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Conservation

Severe drought pushes Namibia to auction off some of its wildlife

Lechwe drinking from a river in Nkasa Rupara National Park in Namibia's Zambezei region
Lechwe drinking from a river in Nkasa Rupara National Park in Namibia's Zambezei region (Namibia's Ministry of Environment)

Namibia will auction one thousand of its wild animals because  a severe drought is threatening their lives. The government hopes to raise one million euros to fund wildlife conservation.

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President Hage Geingob declared the drought a national disaster for Nambia in May.  To protect its wildlife from starvation, the government authorised the sale through an international auction of 1,000 wild animals.

Namibia has successfully managed to grow its wildlife population in recent years, but this severe drought is putting immense pressure on it.

The Ministry of Agriculture reported this April that 63,700 animals died in 2018 due to severe weather conditions.

“The grazing vegetation is affected and there is little water for the animals to drink. We fear that if we [don’t sell them and] and keep the animals as they are, they will die,” explains Romeo Muyunda, the spokesperson of the Ministry of Environment and Tourism.

But it is not only the animals which are at risk. Wildlife is a cornerstone of Namibia’s tourism and provides employment for a number of Namibians.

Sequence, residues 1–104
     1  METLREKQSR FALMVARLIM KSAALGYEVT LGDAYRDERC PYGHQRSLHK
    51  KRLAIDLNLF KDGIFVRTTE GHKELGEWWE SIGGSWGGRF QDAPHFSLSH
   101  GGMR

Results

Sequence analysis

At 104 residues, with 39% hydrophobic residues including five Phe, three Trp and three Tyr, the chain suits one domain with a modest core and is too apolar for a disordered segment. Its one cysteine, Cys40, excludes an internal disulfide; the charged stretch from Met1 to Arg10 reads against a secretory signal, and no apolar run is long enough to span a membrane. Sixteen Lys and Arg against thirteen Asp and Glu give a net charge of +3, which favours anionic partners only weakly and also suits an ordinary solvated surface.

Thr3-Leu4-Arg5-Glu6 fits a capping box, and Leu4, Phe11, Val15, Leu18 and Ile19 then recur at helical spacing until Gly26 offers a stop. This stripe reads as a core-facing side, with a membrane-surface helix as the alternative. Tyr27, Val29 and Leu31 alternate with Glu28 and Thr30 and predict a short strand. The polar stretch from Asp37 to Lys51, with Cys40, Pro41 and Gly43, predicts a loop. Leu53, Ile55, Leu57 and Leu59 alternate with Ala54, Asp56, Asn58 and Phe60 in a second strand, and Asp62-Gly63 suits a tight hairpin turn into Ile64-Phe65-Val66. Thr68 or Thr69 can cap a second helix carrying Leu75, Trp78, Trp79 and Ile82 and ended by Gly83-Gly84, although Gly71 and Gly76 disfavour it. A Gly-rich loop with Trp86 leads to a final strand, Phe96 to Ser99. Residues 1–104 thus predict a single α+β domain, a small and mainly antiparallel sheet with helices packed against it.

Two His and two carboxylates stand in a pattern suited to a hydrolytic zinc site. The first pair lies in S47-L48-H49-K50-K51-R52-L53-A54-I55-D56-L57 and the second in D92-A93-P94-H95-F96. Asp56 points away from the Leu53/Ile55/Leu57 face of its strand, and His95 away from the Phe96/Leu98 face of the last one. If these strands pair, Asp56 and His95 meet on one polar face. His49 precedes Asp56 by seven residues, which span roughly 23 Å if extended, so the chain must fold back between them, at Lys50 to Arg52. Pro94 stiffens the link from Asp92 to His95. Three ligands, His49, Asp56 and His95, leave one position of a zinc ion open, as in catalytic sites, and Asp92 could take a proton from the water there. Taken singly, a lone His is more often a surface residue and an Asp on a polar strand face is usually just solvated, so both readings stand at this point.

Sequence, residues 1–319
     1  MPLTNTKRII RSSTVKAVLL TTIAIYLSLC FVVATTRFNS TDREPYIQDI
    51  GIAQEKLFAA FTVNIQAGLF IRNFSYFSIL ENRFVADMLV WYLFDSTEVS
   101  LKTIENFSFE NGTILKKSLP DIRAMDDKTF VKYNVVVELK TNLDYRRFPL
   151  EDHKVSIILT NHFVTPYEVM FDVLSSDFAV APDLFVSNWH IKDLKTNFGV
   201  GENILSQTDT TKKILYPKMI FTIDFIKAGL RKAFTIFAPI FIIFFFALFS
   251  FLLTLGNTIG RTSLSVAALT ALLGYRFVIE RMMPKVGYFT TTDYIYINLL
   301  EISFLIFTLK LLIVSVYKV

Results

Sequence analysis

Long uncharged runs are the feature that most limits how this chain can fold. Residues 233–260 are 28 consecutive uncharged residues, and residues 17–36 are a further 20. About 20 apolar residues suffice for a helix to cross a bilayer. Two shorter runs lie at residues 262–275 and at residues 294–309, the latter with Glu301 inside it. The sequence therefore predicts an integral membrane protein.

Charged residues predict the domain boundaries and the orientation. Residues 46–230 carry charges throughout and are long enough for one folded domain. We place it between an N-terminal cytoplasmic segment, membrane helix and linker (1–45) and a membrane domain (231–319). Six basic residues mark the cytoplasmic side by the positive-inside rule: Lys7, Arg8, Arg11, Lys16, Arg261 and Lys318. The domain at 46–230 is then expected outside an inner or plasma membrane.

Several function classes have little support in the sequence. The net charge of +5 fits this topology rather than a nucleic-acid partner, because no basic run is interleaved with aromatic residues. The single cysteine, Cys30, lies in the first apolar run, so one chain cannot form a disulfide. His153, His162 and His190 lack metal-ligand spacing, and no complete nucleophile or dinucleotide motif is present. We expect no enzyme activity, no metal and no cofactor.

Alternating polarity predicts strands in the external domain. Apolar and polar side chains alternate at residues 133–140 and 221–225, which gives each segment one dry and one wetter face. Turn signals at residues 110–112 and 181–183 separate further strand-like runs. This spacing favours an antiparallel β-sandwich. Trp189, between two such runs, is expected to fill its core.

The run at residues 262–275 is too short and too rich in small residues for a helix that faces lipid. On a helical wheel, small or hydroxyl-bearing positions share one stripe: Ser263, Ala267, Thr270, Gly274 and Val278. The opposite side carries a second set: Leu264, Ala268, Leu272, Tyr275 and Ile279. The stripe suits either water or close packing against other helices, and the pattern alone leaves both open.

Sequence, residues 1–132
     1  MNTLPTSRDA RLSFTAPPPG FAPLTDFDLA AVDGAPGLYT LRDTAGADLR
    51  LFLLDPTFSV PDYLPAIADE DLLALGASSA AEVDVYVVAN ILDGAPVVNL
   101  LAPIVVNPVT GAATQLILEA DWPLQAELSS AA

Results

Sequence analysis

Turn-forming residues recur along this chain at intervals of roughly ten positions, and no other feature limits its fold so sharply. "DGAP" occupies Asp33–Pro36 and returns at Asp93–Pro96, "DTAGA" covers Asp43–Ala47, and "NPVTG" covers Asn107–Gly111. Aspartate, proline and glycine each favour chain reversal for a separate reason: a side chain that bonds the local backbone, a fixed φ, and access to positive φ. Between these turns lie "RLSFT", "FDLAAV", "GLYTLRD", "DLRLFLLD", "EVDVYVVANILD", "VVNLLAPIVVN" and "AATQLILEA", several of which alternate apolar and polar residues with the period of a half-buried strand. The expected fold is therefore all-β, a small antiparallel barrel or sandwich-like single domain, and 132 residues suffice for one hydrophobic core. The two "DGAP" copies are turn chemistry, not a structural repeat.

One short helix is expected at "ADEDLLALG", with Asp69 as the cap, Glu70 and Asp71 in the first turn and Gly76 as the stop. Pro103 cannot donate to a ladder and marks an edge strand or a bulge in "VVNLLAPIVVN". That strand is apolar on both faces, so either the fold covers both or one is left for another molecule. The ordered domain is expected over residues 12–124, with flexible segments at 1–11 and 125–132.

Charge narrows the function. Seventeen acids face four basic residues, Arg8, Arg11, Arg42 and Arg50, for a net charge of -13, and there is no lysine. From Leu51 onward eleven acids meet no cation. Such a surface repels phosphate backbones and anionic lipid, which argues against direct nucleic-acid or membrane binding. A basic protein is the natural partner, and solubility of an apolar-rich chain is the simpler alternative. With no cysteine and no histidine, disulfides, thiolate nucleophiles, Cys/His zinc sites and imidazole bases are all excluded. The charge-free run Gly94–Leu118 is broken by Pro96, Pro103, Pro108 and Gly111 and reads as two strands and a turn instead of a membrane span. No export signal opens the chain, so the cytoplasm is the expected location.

Auction for conservation

The government expects to raise nearly one million euros (17 million Namibian dollars) for wildlife conservation by selling the following: buffaloes, oryx, elands, impalas, giraffes, kudus, springboks, wildebeest and elephants.

The proceeds will be invested into the Game Products Trust Fund which manages income derived from trophy hunting, donors funds and wildlife auctions.

“Right now, we need to restore our water infrastructure and build more for the remaining game,” Muyunda said. “We also need to rehabilitate our fences as some animals are breaking out [of the parks] in search of grazing and water. And as they break out, they create conflict with people.”

The auction will be organised by Namibia’s Ministry of Environment through its Wildlife and National Parks directorate.

The auction will be similar to  other 'silent' events without an auctioneer running the show. Adverts for the animals on sale are available online and in Namibian newspapers. People are asked to place their bids in sealed envelopes adressed to the Executive Director of Namibia's Ministry of Environment and Tourism.

Other measures undertaken by the Environment ministry include moving some of the wild animals from the most affected parks to the ones with sufficient grazing and water.

Muyunda said that the rural communities who depend on subsistence farming have been unable, given the current conditions, to harvest enough food for their families.

“As a last resort, we are giving drought relief,” says Muyunda. “We want to do a culling process to support the most affected people and donate meat.”

Follow Romeo Muyunda on Twitter @Romeo8506

Follow Zeenat Hansrod on Twitter @zxnt

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